Monday, June 10 - Regensberg

It was time to bid farewell to our floating hotel, the Viking Skadi, and the delightful young people who crew her.  The buses loaded up on schedule and we were off on the first leg of the day's journey.

Once again, the rain made sporadic appearences during the ride, and we disembarked in a slight drizzle at the bus/train stop just outside the oldest part of the city.  So, up went the umbrellas and the hoodies and we were off to explore Regensberg with Gudrun, our archeologist/guide from Geschichte fur Alles.  (A note of apology to all our German purist friends: Please forgive the conspicuous lack of appropriate umlauts, but I haven't had the time, or the smarts, to puzzle out how this is accomplished on my little keyboard!)

Our group set out across the 850-year-old stone bridge that for many years had been the only one of its kind connecting northern and southern Europe.  Part of it is currently under repair, but we we still able to use some of the original span; the flooding that has been plaguing Central Europe was clearly evident as we crossed the Danube, observing as we went the precautions and deterents employed by those residents and retailers whose proxmiate locations to the torrent had put them at risk.

Passing through one city gate, we stopped briefly to see a very large building that had been used as a storage facility for salt during Regensberg's years as a hub for trade.  These days we think of salt (when we think of it at all) not as a commodity but as a ubiquitous and cheap part of of our everyday existence.  However, in the Middle Ages and Renaissance, the salt that was mined in the Austrian Alps was literally worth its weight in gold, and a major component of the stream of costly goods that found its way through Regensberg and out to the rest of the world.  Hence the significant amount of space that was devoted to its safekeeping.

On into the oldest part of the city, our next stop was at a remnant of the gate that had allowed entry into the original Roman Praetorium, or garrison.  This arch and accompanying tower constitute the oldest building pieces in Germany, dating back about 1,500 years.  As we continued into the narrow, winding streets of the old city center, Gudrun explained about the numerous high buildings that had given Regensberg the name, "The City of Towers."  These were actually residences of the wealthy merchants, and very often constructed in the style of the ornate Venetian dwellings of the same period.  Only about 25 of these monuments to ostentatious consumerism still survive, but they lend elegant and lasting testimony to the power of trade.

We made our way deeper and deeper into the oldest part of the city, past tiny shops that offered everything from Baltic amber to handmade hats in every style imaginable.  One of the surprising aspects of 21st century life in Germany is the resurgence of interest among the young people in wearing the traditional dirndls and lederhosen.  There are entire stores devoted to the purveying of these colorful and (for the ladies) figure-enhancing outfits.  My question is, how do they maintain their figures when there is an ice cream shop on nearly every corner?!?!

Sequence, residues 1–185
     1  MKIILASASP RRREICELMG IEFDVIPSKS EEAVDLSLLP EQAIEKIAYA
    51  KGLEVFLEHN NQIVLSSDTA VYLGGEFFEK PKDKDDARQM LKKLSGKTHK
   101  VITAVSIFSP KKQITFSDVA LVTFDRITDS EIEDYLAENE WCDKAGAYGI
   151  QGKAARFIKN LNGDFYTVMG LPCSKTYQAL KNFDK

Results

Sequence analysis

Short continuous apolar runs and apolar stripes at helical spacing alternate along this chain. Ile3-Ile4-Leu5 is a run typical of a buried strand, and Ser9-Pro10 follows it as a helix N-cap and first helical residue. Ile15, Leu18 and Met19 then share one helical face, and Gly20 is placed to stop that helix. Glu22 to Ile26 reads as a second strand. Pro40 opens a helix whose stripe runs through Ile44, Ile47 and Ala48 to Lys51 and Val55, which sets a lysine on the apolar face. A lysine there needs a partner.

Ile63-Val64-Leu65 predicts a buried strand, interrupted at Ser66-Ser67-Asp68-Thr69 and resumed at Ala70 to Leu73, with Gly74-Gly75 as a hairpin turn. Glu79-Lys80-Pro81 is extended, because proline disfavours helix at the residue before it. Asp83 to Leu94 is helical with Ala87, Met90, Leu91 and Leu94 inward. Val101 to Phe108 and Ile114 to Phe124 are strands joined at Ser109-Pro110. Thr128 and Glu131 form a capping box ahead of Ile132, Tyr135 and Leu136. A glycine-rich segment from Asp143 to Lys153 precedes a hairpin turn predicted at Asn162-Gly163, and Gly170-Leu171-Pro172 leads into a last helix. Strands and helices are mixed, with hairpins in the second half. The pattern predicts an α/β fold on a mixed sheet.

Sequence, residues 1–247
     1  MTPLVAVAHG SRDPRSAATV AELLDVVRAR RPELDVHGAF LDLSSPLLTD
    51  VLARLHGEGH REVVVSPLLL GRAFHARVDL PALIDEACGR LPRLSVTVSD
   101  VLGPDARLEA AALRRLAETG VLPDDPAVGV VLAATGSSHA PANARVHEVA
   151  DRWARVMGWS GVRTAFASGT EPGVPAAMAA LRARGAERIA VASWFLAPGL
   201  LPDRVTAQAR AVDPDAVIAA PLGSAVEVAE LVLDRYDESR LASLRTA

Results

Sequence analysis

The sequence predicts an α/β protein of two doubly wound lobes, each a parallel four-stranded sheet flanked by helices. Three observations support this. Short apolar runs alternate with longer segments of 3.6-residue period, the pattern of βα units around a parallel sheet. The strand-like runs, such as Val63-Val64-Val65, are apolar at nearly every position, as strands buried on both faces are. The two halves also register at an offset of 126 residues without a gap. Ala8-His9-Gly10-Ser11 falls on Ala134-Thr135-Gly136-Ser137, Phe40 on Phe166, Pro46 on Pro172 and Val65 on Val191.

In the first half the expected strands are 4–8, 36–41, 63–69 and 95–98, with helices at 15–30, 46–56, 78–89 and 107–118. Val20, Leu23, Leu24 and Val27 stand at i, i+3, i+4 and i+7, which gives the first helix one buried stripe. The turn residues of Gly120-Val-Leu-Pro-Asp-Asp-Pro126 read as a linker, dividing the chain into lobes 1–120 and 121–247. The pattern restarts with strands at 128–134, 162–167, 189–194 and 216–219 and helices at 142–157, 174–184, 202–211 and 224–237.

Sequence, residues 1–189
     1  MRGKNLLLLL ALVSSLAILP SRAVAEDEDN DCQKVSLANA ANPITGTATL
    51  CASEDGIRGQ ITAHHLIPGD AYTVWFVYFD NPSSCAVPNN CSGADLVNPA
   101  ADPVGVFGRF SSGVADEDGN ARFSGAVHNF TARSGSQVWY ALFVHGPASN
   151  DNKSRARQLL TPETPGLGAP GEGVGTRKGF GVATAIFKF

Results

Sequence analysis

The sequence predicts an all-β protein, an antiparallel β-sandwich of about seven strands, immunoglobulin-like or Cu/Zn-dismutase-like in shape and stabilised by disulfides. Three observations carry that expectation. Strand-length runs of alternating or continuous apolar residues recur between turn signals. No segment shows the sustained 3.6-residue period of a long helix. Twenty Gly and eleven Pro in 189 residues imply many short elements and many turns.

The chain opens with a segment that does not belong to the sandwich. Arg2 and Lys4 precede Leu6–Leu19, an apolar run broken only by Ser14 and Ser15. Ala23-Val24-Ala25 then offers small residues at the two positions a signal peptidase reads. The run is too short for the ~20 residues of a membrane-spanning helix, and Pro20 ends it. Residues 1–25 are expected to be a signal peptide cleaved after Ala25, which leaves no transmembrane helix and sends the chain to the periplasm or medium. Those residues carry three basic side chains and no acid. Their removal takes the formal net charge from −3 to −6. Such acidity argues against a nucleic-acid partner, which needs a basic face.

From the small square fronting the Cathedral of St. Peter, to which Gary and I returned later in the day for photographs of its interior, we wound our way back to the large main square of the city.  From there, Gudrun led us to the old City Hall (or Rathaus), which was the site of the first ballroom constructed in Europe, with glass for its windows imported from the island of Murano in Venice.  There is a more modern City Hall where municipal offices are currently located, and the older building serves several varying functions.  In fact, the Viking group was treated to lunch in the Ratskeller in the basement of the Rathaus.

After lunch we made our way back to the Cathedral, and this was one of the few times that I was really unhappy that the weather wasn't a bit sunnier.  This beautiful edifice boasts glorious stained glass, but it was rather difficult to fully appreciate them in the absence of sunlight to illuminate them.  Nonetheless, it was an exquisite small-scale Gothic space, and well worth the visit.

Departing Regensberg in a slightly heavier rain shower, we were informed on the bus that our itinerary was changing yet again owing to challenging road conditions resulting from the flooding.  Instead of going to Munich, the new plan is to tour Salzburg after our first of two nights at Bad Griesbach.  This announcement was greeted with jubilation!  Salzburg is the birthplace of Mozart and the original home of the von Trapp family singers, and is one of the loveliest larger cities on the Continent.

Dinner was again a noisy, festive affair in the Maximilian restaurant in the lowest level of the Bad Griesbach hotel, with entertainment provided by a pair of musicians (accordion and bass guitar) known as the Happy Bavarians.  A short stroll around the grounds provided a serene finish to a day of travel and exploration.

Tomorrow - Off to Salzberg!  Juch-he!


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